More than 300 employees and patients of the Mount Sinai Health System recently gathered in the Guggenheim Atrium to celebrate the 30,000th participant in the BioMe Biobank. The Biobank collects de-identified DNA and plasma used for a variety of research purposes from consenting patients.
After launching a much-publicized campaign in October to promote the influenza vaccination for faculty, staff, and students, the Mount Sinai Health System will report a record rate of vaccination compliance to the New York State Department of Health (NYSDOH) for the 2013 – 2014 influenza season.
Typically, vaccination rates for health care workers are around 60 percent, according to the U.S. Centers for Disease Control and Prevention. The Health System’s overall compliance rate was 82 percent at the start of April.
It seems like a week doesn’t go by without some high profile celebrity addiction story making the nightly news. The unfortunate reality that addiction to prescription medications has reached epidemic proportions in our society has many patients concerned that a trip to the operating room might render them a pain-pill addict. But when it comes down to it, to be able to make the right decisions for their own health, people need to put the hype into the proper context.
The Mount Sinai Hospital is the first in New York City to open an observation unit for Emergency Department (ED) patients who do not meet criteria for inpatient admission, yet require further short-term evaluation and treatment before they can be discharged safely. The 20-bed Rapid Evaluation and Treatment Unit (RETU) is adjacent to the ED and is staffed by physicians, physician assistants, nurse managers, nurses, case managers, and social workers who work as a team to better assess and coordinate patient care. Similar units will be rolled out at hospitals throughout the Mount Sinai Health System in the coming months.
As a college sophomore, Joanna Adler was unexpectedly diagnosed with a rare illness called Wilson’s disease, and underwent an urgent liver transplant at The Mount Sinai Hospital. Today, 16 years later, Ms. Adler remains close to her physician, Leona Kim-Schluger, MD, the Sidney J. Zweig Professor of Medicine at Icahn School of Medicine at Mount Sinai and Associate Director of the Recanati/Miller Transplantation Institute. Ms. Adler is also a strong supporter of Mount Sinai, which she credits for saving her life.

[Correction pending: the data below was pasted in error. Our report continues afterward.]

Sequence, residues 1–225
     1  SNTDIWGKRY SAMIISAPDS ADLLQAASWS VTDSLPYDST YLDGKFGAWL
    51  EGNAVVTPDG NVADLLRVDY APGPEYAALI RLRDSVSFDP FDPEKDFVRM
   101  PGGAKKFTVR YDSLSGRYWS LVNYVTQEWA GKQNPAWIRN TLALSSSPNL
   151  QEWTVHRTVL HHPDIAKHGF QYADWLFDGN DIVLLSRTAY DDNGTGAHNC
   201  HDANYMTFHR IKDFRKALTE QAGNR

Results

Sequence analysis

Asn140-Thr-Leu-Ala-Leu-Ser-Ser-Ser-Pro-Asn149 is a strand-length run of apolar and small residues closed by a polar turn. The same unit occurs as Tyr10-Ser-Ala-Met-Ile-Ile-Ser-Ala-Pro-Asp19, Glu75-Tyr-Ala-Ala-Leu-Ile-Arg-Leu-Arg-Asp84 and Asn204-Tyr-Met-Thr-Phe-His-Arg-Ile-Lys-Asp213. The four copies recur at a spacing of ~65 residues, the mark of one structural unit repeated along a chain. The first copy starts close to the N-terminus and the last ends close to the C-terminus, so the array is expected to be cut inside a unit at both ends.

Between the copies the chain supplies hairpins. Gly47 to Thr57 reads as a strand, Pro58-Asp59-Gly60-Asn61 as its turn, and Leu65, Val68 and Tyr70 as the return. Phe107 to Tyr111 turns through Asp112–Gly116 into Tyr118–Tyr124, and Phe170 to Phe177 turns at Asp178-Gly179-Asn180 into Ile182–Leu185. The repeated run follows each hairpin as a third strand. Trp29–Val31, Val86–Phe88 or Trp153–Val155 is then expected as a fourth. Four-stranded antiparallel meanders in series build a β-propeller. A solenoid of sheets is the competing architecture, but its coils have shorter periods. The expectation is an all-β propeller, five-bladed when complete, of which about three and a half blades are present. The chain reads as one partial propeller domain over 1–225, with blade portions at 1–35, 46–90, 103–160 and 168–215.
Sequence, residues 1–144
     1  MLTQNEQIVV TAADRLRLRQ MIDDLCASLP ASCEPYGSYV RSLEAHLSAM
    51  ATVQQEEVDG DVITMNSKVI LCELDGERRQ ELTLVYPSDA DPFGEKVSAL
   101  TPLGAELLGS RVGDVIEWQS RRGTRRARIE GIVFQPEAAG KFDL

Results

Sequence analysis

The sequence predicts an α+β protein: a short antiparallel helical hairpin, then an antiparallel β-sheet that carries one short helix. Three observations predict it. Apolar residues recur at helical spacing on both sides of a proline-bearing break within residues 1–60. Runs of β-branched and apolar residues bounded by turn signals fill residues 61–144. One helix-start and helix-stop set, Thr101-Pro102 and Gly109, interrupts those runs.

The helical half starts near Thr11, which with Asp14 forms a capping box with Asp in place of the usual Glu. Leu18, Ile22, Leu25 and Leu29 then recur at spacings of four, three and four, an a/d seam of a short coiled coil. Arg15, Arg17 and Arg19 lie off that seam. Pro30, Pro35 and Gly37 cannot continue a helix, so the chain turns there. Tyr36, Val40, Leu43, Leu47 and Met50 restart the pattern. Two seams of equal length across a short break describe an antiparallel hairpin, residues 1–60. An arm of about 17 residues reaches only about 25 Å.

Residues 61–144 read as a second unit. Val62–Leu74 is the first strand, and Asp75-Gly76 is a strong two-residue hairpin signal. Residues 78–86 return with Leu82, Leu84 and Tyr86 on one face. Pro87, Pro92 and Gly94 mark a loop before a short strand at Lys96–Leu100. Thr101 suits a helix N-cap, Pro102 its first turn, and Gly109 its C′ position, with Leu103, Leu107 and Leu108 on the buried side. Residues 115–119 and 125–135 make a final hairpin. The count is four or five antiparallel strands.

On January 12th, 2010 when a catastrophic magnitude 7.0 earthquake hit Haiti, Ernest Barthelemy was half way through his second of medical school at the Icahn School of Medicine at Mount Sinai. The earthquake that devastated Haiti hit Ernest in every way, from the personal casualties within his family to its spiritual implications for his cultural identity to an eventual redefinition of his professional medical career.
Benefactors Patty and Jay Baker recently donated $10 million to establish The Patty and Jay Baker National Palliative Care Center at Mount Sinai to support public policy, education, training, research, and national outreach to improve the quality of care for seriously ill Americans and their families.
Sarcoidosis is a multisystem, inflammatory disease, which can involve all organ systems to a varying degree and extent. Upon diagnosis or afterward, patients are commonly overwhelmed by their disease and frequently ask questions that include: How did I get this disease; Will it spread to all my organs; Will it kill me; which of my other ailments are related to sarcoidosis and do I need treatment for them; Can I expect to live a normal life; Should I be on a special diet; Will my kids inherit sarcoidosis?